Earthworms, soils and N-cycling in remnant forest patches in the Baltimore Metropolitan Area
Katalin Szlavecz, Sarah Placella, Richard Pouyat, Vincent Giorgio, Peter Groffman, and Csaba Csuzdi
Soil organisms strongly respond to spatial heterogeneity of their habitat. The objective of our study was to assess the effects of anthropogenic patchiness on composition and abundance of soil arthropods and earthworms. In 2003 we conducted field surveys on lawns, flowerbeds, and forest patches in the Cub Hill neighborhood. The twelve households selected differed in their lawn maintenance practices. Sampling took place in April and in June. Earthworm samples were taken from 25cm x 25 cm quadrats using mustard solution. For macroarthropods we placed three pitfall traps per hosusehold: one in the front, one in the back, and one on the side of the property. The traps operated for a week. Mesofauna samples were taken using a 5 cm diameter soil core. Soil moisture, temperature and pH were measured at the time of sampling.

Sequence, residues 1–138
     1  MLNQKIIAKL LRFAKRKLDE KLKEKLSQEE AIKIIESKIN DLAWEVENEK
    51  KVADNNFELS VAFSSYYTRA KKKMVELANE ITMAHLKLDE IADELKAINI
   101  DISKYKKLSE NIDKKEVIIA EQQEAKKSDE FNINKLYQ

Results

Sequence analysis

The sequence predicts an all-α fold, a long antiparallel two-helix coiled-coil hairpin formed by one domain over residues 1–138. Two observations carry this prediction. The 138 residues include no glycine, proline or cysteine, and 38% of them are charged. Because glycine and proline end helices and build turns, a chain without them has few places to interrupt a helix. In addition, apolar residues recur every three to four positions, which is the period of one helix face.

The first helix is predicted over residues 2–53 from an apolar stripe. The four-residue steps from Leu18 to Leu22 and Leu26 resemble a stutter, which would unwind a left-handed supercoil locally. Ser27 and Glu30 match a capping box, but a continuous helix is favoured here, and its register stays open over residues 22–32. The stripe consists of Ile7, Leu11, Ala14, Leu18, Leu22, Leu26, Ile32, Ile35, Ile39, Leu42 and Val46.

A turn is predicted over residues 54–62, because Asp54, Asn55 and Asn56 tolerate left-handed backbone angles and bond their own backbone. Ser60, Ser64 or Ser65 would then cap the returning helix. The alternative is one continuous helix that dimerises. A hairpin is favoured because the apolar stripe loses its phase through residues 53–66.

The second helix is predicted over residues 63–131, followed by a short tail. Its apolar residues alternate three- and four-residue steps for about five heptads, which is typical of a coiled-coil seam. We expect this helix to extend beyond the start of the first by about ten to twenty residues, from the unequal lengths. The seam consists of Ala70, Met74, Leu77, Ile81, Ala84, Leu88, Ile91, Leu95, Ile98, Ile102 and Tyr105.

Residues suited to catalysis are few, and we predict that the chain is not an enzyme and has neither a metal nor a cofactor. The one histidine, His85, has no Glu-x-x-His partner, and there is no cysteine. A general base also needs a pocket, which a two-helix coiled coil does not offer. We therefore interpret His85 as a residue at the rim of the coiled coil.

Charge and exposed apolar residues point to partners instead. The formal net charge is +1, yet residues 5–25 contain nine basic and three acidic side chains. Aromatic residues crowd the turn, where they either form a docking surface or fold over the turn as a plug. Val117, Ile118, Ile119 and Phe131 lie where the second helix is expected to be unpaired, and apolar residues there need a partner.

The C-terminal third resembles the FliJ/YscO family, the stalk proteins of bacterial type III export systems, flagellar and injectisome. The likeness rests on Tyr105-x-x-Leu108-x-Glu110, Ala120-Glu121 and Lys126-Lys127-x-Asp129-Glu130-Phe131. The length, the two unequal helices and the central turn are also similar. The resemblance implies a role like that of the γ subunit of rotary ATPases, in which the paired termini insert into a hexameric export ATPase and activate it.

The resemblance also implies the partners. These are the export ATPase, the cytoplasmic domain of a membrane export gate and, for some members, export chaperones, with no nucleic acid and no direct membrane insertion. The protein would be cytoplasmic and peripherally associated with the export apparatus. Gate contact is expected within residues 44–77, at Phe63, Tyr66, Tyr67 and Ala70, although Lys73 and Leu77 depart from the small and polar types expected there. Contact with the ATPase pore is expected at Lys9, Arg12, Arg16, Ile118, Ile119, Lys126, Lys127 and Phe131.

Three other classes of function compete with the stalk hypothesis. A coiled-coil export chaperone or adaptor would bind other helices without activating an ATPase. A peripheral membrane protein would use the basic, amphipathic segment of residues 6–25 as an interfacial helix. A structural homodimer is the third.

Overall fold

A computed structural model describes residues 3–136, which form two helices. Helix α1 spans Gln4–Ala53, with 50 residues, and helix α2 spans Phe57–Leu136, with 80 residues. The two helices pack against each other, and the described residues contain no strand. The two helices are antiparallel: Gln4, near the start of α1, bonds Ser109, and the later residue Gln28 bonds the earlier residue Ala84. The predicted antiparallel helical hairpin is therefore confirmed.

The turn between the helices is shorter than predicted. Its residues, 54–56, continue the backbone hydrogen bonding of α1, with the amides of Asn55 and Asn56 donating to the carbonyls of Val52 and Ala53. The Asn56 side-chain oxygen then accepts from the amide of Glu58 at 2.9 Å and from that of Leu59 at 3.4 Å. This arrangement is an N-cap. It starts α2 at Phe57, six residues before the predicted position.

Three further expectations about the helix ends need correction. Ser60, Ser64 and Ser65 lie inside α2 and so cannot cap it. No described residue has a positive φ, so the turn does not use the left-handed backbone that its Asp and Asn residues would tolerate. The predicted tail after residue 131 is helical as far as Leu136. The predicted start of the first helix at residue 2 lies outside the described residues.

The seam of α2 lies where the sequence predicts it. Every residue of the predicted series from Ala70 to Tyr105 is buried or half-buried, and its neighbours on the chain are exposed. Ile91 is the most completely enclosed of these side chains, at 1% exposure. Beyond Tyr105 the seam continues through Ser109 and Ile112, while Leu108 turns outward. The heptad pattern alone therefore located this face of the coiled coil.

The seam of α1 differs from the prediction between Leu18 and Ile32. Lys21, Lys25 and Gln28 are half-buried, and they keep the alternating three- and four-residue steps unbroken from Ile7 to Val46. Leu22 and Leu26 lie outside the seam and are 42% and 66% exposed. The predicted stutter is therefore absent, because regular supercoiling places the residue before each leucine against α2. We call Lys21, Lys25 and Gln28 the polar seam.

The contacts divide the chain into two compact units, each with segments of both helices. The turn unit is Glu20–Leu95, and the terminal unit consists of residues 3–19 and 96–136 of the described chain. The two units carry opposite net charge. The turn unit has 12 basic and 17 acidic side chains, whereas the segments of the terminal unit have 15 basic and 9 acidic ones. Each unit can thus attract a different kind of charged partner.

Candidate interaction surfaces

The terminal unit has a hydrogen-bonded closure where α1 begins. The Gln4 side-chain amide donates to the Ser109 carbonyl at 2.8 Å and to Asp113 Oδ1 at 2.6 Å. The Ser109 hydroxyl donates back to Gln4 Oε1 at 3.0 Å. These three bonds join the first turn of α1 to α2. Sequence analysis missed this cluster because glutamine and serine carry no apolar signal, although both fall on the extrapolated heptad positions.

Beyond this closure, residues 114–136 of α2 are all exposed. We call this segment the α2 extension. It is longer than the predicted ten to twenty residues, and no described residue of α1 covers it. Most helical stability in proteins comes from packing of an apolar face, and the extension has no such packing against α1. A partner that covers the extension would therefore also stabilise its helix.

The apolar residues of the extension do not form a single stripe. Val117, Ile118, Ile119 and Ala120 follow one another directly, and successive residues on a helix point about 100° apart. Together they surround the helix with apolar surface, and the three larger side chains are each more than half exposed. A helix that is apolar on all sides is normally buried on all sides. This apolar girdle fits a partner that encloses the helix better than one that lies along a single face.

From spring to summer earthworm abundance increased more dramatically in the forest than in the lawns. This was mostly due to the appearance of the introduced Asian species, Amynthas hilgendorfi, which occurs almost exclusively in the forest. Macroarthropods were also more abundant in the summer than in the spring, with the exception of millipedes. The total density mites corresponded with the degree of lawn maintenance. High maintenance lawns had the highest density (comparable to that of forests). The largest proportion of Acari, the Cryptostigmata, was mostly responsible for this pattern. Density of oribatid mites also negatively correlated with soil organic matter. Abumdance of total Collembola also responded to lawn maintenance.
Earthworms, macroarthropods, microarthropods, lawn care, suburban neighborhood